Leon County’s three higher education institutions are looking for ways to turn their research into dollars. The schools say research, and commercialization efforts are a way to bring more jobs to the area.
Not all research becomes a patent. And not all patents can be commercialized. But for those that do get sold, the rewards can be big. And Larry Lynch, Director of the Tallahassee Economic Development Council’s Entrepreneurship program, says it all starts with an idea that may need a little help. For example, the hurricane mapping service H-Wind Scientific, whose founder started at DOMI Station, a business incubator.
“He spent about 18 months at DOMI, it took four to five programmers to define this software, and last month they announced that HWinds was acquired by an international company doing protection and insurance out of London," said Lynch. He’s going to continue to have that company in Tallahassee, they’re going to expand—and he didn’t have that company 18 months ago.”
At DOMI Station inventors and entrepreneurs can find ways to market their ideas and products. It’s also supported by the local higher education institutions. All three schools are heavily invested in bringing research from the classroom to the boardroom and ultimately—the marketplace. At TCC's Wakulla Environmental Institute, that work is focused on protecting the Apalachicola Bay and more specifically, is oyster industry, which is on the verge of collapse. To do that, TCC’s Kim Moore says the school has turned to oyster farming:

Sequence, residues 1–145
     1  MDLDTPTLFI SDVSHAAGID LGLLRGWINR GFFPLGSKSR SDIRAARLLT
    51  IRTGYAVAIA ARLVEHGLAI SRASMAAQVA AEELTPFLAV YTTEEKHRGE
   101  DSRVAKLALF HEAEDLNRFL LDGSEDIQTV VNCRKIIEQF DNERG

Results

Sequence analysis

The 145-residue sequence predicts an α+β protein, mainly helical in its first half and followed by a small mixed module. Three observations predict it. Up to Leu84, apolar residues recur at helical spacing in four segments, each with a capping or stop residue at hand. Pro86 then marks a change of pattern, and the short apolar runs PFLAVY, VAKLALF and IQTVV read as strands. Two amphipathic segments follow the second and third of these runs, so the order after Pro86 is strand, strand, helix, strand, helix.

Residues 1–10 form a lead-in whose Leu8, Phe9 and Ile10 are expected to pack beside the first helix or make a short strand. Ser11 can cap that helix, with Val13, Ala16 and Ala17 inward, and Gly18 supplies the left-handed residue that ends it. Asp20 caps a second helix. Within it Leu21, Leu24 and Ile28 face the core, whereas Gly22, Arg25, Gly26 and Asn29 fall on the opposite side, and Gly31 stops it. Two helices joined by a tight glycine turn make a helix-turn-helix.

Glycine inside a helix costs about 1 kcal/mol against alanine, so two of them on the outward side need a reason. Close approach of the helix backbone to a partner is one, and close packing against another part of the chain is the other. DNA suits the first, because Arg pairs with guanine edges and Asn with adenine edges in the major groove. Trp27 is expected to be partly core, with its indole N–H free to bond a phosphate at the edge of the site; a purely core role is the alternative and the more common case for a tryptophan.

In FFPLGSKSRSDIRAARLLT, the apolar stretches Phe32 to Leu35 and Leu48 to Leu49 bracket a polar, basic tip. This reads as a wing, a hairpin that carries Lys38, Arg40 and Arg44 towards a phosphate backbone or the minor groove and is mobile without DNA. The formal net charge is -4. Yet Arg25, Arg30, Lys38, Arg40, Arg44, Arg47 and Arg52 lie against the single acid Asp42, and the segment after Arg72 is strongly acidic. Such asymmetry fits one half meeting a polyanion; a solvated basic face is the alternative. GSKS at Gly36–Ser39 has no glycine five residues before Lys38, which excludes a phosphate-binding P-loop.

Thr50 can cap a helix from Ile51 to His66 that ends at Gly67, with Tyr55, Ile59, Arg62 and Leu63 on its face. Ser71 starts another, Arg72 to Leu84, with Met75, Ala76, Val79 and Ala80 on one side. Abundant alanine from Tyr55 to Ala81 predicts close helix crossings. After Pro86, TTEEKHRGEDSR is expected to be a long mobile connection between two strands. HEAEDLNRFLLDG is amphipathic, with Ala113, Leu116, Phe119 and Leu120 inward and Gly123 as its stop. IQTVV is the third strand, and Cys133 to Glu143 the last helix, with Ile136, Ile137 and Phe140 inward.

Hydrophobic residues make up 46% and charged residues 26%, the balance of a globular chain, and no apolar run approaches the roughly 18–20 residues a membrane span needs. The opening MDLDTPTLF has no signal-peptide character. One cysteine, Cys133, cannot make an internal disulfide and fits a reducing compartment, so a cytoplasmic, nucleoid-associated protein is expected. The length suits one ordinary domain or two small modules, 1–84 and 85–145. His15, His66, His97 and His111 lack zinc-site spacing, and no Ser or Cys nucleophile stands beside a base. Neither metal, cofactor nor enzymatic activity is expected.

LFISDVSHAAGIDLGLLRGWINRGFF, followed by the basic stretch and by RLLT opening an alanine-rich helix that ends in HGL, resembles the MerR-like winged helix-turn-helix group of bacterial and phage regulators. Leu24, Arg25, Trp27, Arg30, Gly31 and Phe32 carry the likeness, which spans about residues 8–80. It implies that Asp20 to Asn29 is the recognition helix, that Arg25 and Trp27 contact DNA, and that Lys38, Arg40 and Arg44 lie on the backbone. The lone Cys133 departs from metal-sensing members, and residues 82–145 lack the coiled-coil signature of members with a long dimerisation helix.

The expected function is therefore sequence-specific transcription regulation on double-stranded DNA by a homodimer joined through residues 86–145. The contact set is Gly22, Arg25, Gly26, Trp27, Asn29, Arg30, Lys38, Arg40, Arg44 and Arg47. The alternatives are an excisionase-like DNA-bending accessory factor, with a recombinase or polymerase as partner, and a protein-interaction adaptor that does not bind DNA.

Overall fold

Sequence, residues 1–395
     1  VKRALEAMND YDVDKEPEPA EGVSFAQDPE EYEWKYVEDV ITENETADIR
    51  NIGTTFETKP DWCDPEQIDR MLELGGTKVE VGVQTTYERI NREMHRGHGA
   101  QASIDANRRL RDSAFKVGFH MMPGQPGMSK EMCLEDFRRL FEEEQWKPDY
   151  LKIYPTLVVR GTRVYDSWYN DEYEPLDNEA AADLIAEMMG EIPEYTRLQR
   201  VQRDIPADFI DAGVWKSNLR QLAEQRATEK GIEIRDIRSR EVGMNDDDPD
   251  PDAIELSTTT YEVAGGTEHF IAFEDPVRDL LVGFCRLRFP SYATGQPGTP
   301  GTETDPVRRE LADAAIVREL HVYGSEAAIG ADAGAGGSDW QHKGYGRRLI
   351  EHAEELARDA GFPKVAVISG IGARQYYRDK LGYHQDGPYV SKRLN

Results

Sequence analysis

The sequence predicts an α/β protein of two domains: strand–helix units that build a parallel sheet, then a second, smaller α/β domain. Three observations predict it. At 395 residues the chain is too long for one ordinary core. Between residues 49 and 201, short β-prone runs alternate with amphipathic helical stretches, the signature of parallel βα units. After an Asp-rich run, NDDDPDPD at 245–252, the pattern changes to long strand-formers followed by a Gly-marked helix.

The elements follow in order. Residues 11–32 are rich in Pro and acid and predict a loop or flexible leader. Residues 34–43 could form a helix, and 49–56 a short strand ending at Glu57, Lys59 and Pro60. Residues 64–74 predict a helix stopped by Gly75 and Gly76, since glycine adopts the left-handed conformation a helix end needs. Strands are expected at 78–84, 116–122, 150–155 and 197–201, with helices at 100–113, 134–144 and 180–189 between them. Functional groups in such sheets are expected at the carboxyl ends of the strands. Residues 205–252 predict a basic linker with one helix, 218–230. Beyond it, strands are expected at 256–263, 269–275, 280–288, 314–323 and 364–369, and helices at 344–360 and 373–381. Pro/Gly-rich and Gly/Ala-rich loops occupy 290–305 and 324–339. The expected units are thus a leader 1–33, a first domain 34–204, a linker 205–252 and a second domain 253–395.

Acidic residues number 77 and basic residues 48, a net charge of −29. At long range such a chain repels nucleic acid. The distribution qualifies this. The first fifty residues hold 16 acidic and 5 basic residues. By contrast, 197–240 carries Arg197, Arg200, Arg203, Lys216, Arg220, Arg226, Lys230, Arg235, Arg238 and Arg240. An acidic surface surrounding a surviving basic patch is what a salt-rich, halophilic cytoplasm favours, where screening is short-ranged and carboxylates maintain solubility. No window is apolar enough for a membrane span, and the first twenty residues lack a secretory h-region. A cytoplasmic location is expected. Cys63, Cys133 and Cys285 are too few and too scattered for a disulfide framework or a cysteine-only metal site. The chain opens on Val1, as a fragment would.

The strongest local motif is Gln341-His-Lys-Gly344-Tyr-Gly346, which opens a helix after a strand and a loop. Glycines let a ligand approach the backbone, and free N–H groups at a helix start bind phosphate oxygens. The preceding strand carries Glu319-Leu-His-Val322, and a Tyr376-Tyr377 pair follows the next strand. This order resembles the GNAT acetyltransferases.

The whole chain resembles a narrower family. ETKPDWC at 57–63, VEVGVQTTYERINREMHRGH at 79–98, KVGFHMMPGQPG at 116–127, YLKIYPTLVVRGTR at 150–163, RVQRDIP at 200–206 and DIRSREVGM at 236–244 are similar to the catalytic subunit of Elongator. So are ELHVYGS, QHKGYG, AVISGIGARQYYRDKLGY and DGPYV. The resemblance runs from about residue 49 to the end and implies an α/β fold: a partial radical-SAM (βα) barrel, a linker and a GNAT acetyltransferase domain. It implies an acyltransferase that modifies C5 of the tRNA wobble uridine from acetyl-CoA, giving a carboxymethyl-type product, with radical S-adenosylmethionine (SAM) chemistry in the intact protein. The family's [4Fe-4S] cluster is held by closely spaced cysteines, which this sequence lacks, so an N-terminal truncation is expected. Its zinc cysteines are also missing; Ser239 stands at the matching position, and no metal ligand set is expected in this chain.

“I call it an entrepreneurial initiative, but these individuals are working and doing something they love with the environment while at the same time growing this new opportunity that the community had never seen before," she said.
And at Florida A&M University, agriculture remains big. Outside of Leon County, agriculture is a major industry. And FAMU is well-known for its work in the area and Vice President of Research Tim Moore says the universities have a new project in the work: mapping corn.
“They’ve decided they’re going to do a genomics program, and its a brilliant program because it taps into resources and expertise on both sides of the equation. So the government gets a win-win and we in Tallahassee get a win and the economy and the world get a win if we can come up with innovative products that can improve crop durability under high-heat, and high-stress situations."
FSU’s Vice President of Research Gary Ostrander says there’s more of that coming.
“I’m going to predict that in the next ten years you’re going to hear a lot more about partnering and products coming out between our college of medicine and your college of pharmacy. There are already collaborations happening in drug delivery and new drug platforms. And as we have been interviewing faculty we're hiring on the FSU side, they’re interested in what’s happening at FAMU side and they’re already thinking about research they want to do and how do you translate that into a drug that goes to market.”
On December first that research and more will be on display during the first, jointly-held Discovery on Parade Event featuring FAMU, FSU and TCC.